Thursday, March 31, 2011

Schooling Babies

Okay a lot of this information can also be found at Joe Bower's excellent blog. However I am compelled to share my ideas on all of this. If you are working in an early childhood environment or a parent to a young child, this should make your heart race: Why Preschool Shouldn't Be Like School by Alison Gopnik.

I am an ECE specialist and parent to a preschooler. He just turned 3 in January and I have already been asked, by a professional, if he has started reading yet. I promptly replied with another question: Why does a three year old need to read? Okay, I admit that it was completely rhetorical. I've just reached this point. Several of my friends have been swept up in this current of schooling babies, literally from birth, and frankly I don't understand it. I've even endured long emails from friends trying to convince me of the Your Baby Can Read program, with the argument that they will have a head start, a one-up if you will, on their peers when they start school (if you want to know my stance on this, see my Redshirting post below). This program is equivalent to Khan Academy's approach, just targeted to a younger audience. Am I the only one that finds this disturbing? In the words of Sir Ken Robinson, "Kindergarten starts in Kindergarten".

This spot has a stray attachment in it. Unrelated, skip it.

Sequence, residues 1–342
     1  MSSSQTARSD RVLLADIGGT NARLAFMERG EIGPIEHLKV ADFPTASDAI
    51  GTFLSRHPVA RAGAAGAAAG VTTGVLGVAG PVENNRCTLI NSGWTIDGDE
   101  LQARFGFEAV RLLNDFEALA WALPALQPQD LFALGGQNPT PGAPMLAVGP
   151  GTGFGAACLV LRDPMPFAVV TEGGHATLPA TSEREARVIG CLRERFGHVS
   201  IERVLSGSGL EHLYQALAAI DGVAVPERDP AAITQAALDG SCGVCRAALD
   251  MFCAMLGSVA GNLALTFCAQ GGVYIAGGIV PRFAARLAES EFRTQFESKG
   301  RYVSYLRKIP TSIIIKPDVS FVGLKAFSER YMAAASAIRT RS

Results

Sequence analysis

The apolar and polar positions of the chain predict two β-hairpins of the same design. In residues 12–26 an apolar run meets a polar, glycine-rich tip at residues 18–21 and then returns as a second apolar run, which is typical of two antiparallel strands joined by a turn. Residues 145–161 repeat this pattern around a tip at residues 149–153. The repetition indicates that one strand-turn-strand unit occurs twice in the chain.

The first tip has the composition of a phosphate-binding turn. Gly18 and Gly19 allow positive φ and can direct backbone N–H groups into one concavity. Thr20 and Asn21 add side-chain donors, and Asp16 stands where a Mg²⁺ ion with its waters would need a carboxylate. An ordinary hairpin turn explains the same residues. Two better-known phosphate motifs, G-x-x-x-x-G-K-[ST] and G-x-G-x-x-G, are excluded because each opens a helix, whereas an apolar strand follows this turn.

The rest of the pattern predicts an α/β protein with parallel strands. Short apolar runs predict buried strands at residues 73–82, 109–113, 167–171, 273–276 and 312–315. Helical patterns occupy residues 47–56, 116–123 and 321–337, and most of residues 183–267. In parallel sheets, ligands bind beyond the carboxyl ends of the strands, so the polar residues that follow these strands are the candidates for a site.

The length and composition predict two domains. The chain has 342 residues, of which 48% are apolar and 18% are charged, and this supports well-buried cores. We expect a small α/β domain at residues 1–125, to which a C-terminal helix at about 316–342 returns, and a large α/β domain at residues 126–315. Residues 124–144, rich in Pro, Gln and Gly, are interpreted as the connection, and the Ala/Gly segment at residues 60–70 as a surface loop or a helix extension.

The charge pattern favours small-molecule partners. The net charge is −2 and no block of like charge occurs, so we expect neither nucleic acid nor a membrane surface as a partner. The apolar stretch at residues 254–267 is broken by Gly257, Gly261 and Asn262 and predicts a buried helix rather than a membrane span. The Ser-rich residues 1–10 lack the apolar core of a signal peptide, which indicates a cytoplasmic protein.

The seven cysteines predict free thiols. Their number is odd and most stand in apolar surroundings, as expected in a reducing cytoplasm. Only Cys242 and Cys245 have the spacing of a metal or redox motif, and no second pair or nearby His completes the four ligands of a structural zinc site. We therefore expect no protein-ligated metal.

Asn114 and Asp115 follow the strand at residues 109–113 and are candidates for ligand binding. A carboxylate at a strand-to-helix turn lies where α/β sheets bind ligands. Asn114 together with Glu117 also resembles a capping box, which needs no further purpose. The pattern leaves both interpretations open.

What I love about Gopnik's article is how she reminds us of the importance of creativity, play, and curiosity. Something as simple as faking our own curiosity and wonderment can become a pedagogical skill. I would argue that, by way of demonstrating how school is a place for curiosity to live out, we help children continue to engage in their natural inclinations to learn, discover, and question. Alternatively, by schooling them we can squash that creativity and natural curiosity, limiting it to an extra-curricular activity. Is all this worth having your child top of his/her Kindergarten class (if reading -decoding, not necessarily comprehension- is even of the utmost value there)?

(image source)

Or this:

(image source)

What do you choose? What would they choose?

Maybe the article should be called 'Why School Shouldn't Be Like School'.

No comments:

Post a Comment